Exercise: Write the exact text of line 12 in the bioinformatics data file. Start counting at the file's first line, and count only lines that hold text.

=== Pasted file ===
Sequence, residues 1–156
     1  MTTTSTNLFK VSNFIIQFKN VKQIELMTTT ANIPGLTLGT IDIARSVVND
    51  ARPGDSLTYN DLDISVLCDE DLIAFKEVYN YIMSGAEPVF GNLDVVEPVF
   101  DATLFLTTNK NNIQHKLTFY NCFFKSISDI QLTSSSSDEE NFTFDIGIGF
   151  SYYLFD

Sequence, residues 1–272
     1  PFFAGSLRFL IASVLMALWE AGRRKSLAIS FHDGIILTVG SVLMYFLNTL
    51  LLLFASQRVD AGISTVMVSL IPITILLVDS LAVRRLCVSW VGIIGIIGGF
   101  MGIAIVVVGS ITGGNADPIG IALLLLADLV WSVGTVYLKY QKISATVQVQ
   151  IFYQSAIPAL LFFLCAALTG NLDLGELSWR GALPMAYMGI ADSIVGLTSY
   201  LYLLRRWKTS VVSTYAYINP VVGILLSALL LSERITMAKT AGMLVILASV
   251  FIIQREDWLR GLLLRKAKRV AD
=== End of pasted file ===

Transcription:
   251  FIIQREDWLR GLLLRKAKRV AD